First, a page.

There Are Also Some New Pro CPUs
In line with the consumer launch, AMD is also expanding its Pro processor line. The Pro processors are the professional/enterprise versions of the consumer parts, designed for business deployments and offer additional management features as well as reliability / availability and a commercial warranty. Businesses looking to deploy Ryzen will look at these parts over the standard consumer parts in order to have control and knowledge of guaranteed support.
The new parts are from AMD’s second generation of Ryzen, and thus are built on the 12nm process with additional tweaks for faster cache accesses. In our review of the second generation Ryzen parts, we showed that AMD’s claim of +3% clock-for-clock performance held true, and ballooned to +10% when the higher frequencies came into effect. The lead time to make these processors ready for commercial is longer, hence the difference in timings between the consumer and professional launches.
|AMD's Pro Stack|
|Ryzen 7 Pro 2700X||Zen+||8 / 16||3700||4300||–||105W|
|Ryzen 7 Pro 2700||Zen+||8 / 16||3200||4100||–||65W|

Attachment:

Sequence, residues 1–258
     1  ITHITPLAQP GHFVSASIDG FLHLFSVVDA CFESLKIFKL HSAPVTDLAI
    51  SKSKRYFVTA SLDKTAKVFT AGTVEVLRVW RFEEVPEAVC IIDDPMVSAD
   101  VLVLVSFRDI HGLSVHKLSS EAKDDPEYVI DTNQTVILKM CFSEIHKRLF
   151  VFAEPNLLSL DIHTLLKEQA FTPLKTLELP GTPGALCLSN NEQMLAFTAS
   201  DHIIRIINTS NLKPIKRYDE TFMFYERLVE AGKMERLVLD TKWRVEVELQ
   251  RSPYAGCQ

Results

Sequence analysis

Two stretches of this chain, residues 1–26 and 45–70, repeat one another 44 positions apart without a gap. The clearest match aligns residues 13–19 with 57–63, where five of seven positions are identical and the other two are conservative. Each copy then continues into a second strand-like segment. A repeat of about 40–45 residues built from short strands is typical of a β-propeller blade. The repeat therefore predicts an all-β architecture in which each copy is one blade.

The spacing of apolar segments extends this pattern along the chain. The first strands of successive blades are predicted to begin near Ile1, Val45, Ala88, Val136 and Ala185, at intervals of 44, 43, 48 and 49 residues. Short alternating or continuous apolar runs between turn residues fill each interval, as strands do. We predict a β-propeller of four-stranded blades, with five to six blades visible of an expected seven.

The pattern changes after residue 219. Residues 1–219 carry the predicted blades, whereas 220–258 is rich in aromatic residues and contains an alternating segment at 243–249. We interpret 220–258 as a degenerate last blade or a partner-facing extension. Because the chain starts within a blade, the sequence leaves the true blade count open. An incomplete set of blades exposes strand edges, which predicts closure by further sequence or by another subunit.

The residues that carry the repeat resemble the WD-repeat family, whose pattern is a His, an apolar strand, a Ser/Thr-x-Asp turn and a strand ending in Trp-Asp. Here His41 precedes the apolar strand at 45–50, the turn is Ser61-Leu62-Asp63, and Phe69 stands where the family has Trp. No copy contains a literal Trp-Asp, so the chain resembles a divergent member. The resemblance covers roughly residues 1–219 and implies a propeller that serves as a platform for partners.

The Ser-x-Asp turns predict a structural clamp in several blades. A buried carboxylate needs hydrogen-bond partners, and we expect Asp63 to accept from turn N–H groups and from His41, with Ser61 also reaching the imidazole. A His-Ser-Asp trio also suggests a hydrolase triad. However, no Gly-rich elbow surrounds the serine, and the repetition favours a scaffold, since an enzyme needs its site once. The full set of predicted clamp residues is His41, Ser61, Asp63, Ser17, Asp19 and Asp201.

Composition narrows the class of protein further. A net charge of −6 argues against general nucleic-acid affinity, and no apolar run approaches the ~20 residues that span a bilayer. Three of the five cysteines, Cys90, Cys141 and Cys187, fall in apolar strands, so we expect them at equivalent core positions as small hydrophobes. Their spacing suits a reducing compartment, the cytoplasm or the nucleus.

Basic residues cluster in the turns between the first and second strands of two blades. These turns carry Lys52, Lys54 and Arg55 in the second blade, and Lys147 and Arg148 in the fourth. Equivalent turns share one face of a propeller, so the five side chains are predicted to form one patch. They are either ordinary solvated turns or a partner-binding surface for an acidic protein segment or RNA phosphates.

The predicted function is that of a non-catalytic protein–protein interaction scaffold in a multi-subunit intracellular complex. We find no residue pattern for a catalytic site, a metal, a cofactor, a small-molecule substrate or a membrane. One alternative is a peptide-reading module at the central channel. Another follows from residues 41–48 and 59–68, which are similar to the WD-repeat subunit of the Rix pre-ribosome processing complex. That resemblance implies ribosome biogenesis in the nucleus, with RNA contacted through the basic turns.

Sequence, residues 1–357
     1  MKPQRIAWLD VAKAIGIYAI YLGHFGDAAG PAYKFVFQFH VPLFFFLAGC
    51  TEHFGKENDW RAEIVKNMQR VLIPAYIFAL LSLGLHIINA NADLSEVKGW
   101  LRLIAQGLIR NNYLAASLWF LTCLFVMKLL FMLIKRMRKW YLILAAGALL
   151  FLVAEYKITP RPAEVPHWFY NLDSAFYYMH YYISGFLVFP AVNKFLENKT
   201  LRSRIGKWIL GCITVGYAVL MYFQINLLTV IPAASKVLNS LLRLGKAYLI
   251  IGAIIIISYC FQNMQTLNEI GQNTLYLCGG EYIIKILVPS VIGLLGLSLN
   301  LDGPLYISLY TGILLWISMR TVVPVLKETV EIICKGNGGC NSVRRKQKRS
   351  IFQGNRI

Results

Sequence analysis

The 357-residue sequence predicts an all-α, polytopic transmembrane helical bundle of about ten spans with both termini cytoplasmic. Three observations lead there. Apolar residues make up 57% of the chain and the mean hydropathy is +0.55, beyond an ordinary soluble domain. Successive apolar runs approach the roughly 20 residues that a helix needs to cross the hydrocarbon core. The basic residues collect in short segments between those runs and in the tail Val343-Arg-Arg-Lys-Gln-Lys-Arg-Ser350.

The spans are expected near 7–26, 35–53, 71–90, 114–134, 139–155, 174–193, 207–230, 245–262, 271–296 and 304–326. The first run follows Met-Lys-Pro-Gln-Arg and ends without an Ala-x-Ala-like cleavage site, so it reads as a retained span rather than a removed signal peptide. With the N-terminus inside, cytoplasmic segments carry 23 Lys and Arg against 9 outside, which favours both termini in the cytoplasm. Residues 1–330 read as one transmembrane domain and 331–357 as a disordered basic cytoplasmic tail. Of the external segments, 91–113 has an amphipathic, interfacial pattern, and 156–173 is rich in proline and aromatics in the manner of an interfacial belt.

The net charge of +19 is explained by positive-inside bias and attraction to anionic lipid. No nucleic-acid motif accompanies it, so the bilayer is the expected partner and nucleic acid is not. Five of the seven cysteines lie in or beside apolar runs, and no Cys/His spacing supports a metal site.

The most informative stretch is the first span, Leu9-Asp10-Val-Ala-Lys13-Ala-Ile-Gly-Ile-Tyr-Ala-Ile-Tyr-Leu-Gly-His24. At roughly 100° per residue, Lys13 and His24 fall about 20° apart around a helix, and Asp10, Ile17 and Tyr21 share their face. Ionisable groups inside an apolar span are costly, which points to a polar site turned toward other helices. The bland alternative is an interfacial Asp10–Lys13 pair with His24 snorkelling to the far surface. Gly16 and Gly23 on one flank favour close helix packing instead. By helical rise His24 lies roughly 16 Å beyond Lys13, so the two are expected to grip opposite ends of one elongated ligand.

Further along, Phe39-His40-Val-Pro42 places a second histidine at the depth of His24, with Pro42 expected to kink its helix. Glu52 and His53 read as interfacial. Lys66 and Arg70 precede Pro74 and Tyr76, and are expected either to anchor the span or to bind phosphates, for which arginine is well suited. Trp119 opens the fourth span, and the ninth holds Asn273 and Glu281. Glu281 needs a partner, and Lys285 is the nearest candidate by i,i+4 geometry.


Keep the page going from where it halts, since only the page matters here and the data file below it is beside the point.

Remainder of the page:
|Ryzen 5 Pro 2600||Zen+||6 / 12||3400||3900||–||65W|
|Ryzen 5 Pro 1500||Zen||4 / 8||3500||3900||–||65W|
|Ryzen 5 Pro 2400G||Zen||4 / 8||3600||3900||11||65W|
|Ryzen 5 Pro 2400GE||Zen||4 / 8||3200||3800||11||35W|
|Ryzen 3 Pro 1300||Zen||4 / 4||3500||3700||–||65W|
|Ryzen 3 Pro 2200G||Zen||4 / 4||3500||3700||8||65W|
|Ryzen 3 Pro 2200GE||Zen||4 / 4||3200||3600||8||35W|
|Athlon 200GE||Zen||2 / 4||3200||–||3||35W|
The four new processors are the Ryzen 7 Pro 2700X, 2700, 2600X, and the Athlon Pro 200GE, the latter matching the consumer product also announced today. AMD’s Pro product stack is now filling out with APUs and the latest generation parts, which will be good news to OEMs that deploy systems based on these. The low-cost 200GE should also help with thin clients that require video output.
The Athlon 200GE should be on shelves within weeks, while the Pro lines will be integrated into OEM systems when those OEMs have analyzed their product strategies, perhaps in Q4.
Can We Talk About the New Athlon Logo
The first thing that struck me with this announcement was that the Athlon logo had been adjusted. Several exhibits as shown in reverse chronological order:
Having the name Athlon in the ‘Ryzen’ font just doesn’t look quite right. The chip isn’t called a Ryzen, like the regular CPUs, Threadripper, or like EPYC. Maybe it’s just me. It makes me wonder how good/bad the Opteron name would be in this font. Thoughts?
- Marrying Vega and Zen: The AMD Ryzen 5 2400G and Ryzen 3 2200G Review
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- Overclocking The AMD Ryzen APUs: Guide and Results
- Delidding The AMD Ryzen 5 2400G APU: How To Guide and Results
- AMD Launches Ryzen 3 2200GE & Ryzen 5 2400GE 35 W APUs
- AMD Launches Ryzen Pro with Vega: Mobile APUs and Desktop APUs